A CD player programmed for auto-repeat started its 71st rendition of "Lucy in the Sky with Diamonds" to an almost empty room. Besides a $150 stereo system, the apartment contained a bare mattress (found a few weeks earlier by a dumpster), an ice chest (ice courtesy of the Ramada inn, down the street), and Joey.

Joey sat on the floor, head lolling to the side, a small puddle of saliva slowly drying on the floor beside him. He stared at the puddle; he supposed that the saliva was his, but how could one ever be sure? The tiny bubbles in the spit had remarkable staying power; when he first regained conscienceness, he counted 38 of them. Now, 17 plays of Lucy later, there were still 23. Oops, make that 22. A wisp of red and yellow drifted up from the site of the burst bubble. Joey tried to inhale it as it drifted by, but the wisp ignored him and joined the 24 other wisps that circled the ceiling. Hmm ... how many bubbles had burst before he woke up? 38, 23, 24, 17; his mind tried to figure it, but the numbers kept melting into little bubbling pools of their own. He couldn't get them to stay up straight long enough to carry the one.

As Lucy number 71 closed, so did Joey's eyes.

When Joey's eyes opened again, he couldn't see the saliva any more. He puzzled over this for several minutes before realizing that he couldn't see much of anything. The light was gone.

And something else was missing too... what could it be? The colored wisps were gone from the ceiling, but they always evaporated in a few hours. He could still hear traffic noise outside. He actually smelled something new ... a sweet, warm smell, the same smell he found in the stair-wells of his apartment building. He looked in his lap to see if it was his, but it was too dark. What was missing?


He glanced up at his stereo and noticed that it no longer emitted cool light from it's dials. The digital clock no longer flashed 12:00. The landlord must have discovered Joey's master switch bypass in the basement. Eviction papers were sure to be next. Joey had better think about scratching up enough money to pay a deposit on a new apartment.

Lucy was gone.

Why did everything have to be so hard? Joey didn't ask for much. His needs were few. He had lived his whole life without anybody taking much notice of him. His mother had left him with an aunt when he was three. When Mom didn't come back the next day like she promised, the aunt was a lot more upset than Joey was. A few weeks later he was at another aunt's apartment. Here, at least, there was more to eat (although you had to be quick to catch it). But the apartment was so crowded that Joey couldn't get a moment's peace. Joey needed peace. It was the only way he could find his way home. The constant fighting in the apartment drove Joey to the stair wells. There he could find enough peace to get home for several hours a day.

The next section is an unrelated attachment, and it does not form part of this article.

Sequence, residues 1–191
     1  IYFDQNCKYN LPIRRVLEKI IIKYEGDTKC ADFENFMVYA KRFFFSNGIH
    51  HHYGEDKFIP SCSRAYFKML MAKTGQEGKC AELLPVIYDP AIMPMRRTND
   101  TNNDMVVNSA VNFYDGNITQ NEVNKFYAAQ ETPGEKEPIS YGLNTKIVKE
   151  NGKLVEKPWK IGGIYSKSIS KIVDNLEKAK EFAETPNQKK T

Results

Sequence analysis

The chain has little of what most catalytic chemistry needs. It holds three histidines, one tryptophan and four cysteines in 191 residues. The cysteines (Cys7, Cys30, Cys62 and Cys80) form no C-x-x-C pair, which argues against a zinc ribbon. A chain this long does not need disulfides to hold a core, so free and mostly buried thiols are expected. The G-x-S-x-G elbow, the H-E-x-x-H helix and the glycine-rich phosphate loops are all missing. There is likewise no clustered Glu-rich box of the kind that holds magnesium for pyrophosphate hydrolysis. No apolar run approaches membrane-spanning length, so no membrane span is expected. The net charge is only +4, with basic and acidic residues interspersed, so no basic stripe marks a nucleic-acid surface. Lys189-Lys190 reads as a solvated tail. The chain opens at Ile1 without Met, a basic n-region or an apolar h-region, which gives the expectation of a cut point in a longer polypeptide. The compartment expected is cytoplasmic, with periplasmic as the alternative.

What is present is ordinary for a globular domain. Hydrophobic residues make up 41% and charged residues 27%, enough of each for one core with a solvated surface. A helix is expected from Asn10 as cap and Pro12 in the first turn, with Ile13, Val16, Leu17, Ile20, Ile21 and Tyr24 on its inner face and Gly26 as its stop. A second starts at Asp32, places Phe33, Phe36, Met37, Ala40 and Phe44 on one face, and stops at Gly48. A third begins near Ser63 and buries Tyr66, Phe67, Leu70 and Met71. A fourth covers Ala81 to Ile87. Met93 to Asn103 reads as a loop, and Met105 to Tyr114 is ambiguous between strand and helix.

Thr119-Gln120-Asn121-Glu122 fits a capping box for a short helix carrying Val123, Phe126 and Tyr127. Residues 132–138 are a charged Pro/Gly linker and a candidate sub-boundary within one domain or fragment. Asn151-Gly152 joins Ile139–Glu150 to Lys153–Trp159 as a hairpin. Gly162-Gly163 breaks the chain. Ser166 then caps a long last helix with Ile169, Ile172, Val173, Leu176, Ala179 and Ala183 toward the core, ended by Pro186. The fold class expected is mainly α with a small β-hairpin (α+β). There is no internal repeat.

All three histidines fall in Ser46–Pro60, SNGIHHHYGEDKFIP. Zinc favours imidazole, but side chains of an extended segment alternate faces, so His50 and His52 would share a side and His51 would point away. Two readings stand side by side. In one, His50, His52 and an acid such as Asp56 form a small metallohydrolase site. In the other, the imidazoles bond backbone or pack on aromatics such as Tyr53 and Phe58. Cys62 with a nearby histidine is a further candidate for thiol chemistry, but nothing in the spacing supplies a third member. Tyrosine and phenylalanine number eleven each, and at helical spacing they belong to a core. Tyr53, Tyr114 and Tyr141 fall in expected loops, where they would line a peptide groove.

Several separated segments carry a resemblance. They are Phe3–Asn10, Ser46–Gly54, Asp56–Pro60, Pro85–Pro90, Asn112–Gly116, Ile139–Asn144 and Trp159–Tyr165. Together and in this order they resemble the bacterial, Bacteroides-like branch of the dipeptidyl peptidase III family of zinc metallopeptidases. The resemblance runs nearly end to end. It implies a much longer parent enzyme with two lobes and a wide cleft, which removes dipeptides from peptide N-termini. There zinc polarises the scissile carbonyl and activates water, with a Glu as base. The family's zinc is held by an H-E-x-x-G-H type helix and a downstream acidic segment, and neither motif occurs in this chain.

And Lucy was always there, waiting for him.

Those early years of Joey's were just another form of auto-repeat. New faces, new apartments, sometimes blue uniforms, sometimes white uniforms; none of it really mattered. It was all basically the same, just background noise, something to be endured between his journies home. Between his journies back to Lucy. Life alternated between the meaningless chaos of the in-between time, and being home with Lucy.

But now, Lucy was gone.

One day, when he was about 16, he went home and flung open the door and cried "Lucy, I'm here!" But something was missing. He wasn't greeted by the familiar "I'm in here" issuing faintly from one of the rooms in the big old house. Was Lucy playing a game with him? Hide-and-seek? Joey ran from room to room, shouting "Ah HAH!" each time he flung open a door. But Lucy wasn't there.

Joey was disappointed, but he wasn't to worried. In the chaotic in-between times, people appeared and disappeared like fireflies. They had important things to do. Lucy was probably running some important errand. Delivering a package, or something. She was probably taking an envelope from a tall man on a street corner and slipping it under a certain door of a certain apartment building. Happens all the time.

But Lucy didn't come back.

He never again felt her thick strong arms encircling him, never smelled hot apple pie coming from the kitchen, never again lay on the wide lap that could hold all of him at once as she stroked his hair and hummed an aimless tune.

Years past. The old house started showing its age. The roof leaked, crawly things infested the kitchen the smell of mold permeated everything. Strange people started living there, not people like Lucy, but the same kind of people who surrounded Joey during the in-between times. One day, they wouldn't let him in any more, and he had to sit outside in the cold. These days, he had trouble telling the difference between being home and being in the between times.

Joey stood up in the dark. He walked across the room and picked up his stereo, wrapping is cord around it.

Time to find a new apartment.